Supplementing with Borates: What Are You REALLY Putting into Your Soil?

:: Friday, July 28, 2017
For decades, farmers and food growers across the world have been aware of the benefits they get from supplementing their soil and plants with boron. Growers who do not supplement their crops with boron are often left with less-than-optimal yields. 

Although all boron comes from natural sources, not all boron products are the same, and they don’t all produce optimal results. To understand why some types of boron perform better than others, it is important to understand the differences between the two types of borates available for agricultural use: Raw borates and refined boron. 

Sources of boron

Boron is found in many raw industrially important borate minerals, such as tincal, kernite, ulexite, and colemanite. Although boron makes up a significant amount in all of these, the presence of other elements within these borates heavily influences their ability to serve as boron supplements for soil and crops. 

Tincal and kernite are sodium borates and can be found in the U.S. Borax mine in Boron, California. Tincal and kernite are ideal borates since they do not contain calcium, an element that reduces water solubility. Since water solubility is critical to boron uptake by plants, anything that reduces the water solubility will ultimately limit the yield of overall crop production. 

In addition, the presence of calcium in some raw borates makes it harder to isolate the boron within the minerals because calcium affects the absorption of boron, which makes it a less available source of boron for plants. For example, ulexite is a calcium-sodium borate and colemanite is a calcium borate.  

Why refined boron matters

The distinction between sodium borates and calcium-sodium borates isn’t limited to just their composition. Refining is a deliberate process that removes impurities and creates a highly stable and consistent product.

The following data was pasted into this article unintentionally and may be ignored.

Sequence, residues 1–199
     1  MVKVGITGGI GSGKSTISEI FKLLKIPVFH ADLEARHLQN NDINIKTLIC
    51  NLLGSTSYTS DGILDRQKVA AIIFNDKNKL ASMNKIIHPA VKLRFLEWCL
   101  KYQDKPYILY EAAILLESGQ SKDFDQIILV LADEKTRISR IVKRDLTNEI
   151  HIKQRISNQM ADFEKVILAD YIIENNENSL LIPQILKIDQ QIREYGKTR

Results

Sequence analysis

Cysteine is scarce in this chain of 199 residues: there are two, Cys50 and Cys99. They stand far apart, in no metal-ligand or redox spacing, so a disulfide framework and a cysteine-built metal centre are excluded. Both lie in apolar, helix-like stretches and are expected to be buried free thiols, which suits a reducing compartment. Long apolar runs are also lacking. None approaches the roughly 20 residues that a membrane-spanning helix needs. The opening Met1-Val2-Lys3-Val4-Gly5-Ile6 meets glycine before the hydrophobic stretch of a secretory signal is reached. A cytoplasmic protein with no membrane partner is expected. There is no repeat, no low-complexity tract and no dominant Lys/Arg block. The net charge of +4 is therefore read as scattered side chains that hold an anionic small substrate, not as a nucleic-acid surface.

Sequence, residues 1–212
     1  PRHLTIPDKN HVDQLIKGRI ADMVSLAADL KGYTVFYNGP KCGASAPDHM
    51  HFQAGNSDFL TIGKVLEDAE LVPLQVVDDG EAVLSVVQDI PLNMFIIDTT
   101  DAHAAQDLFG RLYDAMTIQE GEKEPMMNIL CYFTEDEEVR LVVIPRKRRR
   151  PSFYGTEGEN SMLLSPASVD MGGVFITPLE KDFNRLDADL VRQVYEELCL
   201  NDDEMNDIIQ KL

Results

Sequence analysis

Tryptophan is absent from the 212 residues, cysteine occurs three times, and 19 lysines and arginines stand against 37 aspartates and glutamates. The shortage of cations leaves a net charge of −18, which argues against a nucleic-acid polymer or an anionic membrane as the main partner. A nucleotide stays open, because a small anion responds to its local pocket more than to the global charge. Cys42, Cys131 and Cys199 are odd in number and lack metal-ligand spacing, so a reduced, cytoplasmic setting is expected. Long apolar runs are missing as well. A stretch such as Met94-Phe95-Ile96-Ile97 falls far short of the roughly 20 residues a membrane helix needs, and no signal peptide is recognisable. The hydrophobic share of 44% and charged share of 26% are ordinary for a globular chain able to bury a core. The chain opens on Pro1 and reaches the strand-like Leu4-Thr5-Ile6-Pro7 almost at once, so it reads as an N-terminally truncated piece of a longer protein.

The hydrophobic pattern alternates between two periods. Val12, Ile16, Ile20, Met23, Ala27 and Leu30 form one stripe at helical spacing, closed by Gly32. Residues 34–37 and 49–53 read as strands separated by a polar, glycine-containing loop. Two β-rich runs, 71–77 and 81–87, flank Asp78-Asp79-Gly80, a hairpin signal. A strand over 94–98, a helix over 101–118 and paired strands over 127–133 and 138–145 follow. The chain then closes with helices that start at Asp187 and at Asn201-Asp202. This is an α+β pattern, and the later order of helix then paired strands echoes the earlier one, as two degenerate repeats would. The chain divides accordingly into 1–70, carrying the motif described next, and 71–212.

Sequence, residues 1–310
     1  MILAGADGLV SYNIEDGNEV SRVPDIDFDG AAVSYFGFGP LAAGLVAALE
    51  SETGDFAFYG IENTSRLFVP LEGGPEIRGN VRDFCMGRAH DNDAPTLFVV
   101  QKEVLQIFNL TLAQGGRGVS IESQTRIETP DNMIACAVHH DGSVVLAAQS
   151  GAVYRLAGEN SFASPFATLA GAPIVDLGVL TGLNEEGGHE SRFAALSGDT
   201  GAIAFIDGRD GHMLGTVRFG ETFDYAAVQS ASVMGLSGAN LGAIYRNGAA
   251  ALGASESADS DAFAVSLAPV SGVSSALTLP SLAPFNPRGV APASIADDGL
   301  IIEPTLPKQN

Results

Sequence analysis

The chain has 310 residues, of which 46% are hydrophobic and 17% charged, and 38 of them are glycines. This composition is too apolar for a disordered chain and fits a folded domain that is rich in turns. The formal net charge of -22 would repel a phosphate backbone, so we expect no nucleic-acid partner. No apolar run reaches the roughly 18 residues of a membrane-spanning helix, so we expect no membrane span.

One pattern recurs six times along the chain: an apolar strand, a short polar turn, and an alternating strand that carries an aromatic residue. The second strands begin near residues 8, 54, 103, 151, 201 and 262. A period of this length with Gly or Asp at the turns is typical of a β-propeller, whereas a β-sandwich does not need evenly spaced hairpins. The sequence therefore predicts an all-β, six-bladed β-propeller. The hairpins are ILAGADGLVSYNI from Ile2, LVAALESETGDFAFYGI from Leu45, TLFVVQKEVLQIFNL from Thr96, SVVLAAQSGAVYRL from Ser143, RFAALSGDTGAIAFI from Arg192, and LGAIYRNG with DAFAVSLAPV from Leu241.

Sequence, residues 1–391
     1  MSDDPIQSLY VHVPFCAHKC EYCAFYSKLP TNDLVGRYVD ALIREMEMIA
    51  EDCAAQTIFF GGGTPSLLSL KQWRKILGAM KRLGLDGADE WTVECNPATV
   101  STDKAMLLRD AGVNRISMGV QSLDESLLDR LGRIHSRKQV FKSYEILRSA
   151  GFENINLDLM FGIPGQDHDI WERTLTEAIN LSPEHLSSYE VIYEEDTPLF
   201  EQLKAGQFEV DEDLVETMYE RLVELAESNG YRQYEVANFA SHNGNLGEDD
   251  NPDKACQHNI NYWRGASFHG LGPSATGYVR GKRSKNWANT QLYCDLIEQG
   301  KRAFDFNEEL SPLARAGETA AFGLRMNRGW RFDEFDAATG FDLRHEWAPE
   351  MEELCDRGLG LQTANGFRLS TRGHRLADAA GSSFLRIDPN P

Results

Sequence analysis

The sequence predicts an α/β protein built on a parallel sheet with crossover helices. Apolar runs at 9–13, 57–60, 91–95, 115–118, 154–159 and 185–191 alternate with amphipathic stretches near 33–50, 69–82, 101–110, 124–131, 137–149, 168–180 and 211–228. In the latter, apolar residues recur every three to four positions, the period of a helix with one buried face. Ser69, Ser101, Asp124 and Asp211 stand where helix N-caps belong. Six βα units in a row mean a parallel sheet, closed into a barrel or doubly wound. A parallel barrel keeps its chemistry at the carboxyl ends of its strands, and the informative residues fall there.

The first step in the refinement process is dissolving the minerals and then settling the dissolved liquor to separate borates from unwanted mud and contaminants. Then, the borate slurry is re-crystalized, and the crystals are washed, filtered, and dried. The resulting dry borate crystals are:
  • Free from contaminants such as arsenic, which can stunt plant growth and affect yields
  • Higher quality through better process control
  • Consistent in size and concentration, resulting in better performance in the field
  • Fully soluble in water, improving availability for plants in sprayed applications

Return on investment

When you apply raw minerals, application tends to be uneven, uptake is inconsistent, and results are variable. In addition, the inconsistency of raw minerals means that you don’t get full availability of the product you apply. Most estimates indicate that boron availability in a raw product averages between 20-40% over a 20 week period. That means that for every 100 pounds of product, at best you get only the approximate benefit of 40 pounds.1

With high quality refined products such as those from U.S. Borax, you get 100% availability—so you use less, get better value, and more consistent results.

1 T. Broschat Horttechnology July-September 2008 18(3), RTM internal studies

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 boron basics soil science

U.S. Borax, part of Rio Tinto, is a global leader in the supply and science of borates—naturally-occurring minerals containing boron and other elements. We are 1,000 people serving 650 customers with more than 1,800 delivery locations globally. We supply around 30% of the world’s need for refined borates from our world-class mine in Boron, California, about 100 miles northeast of Los Angeles. Learn more about Rio Tinto.

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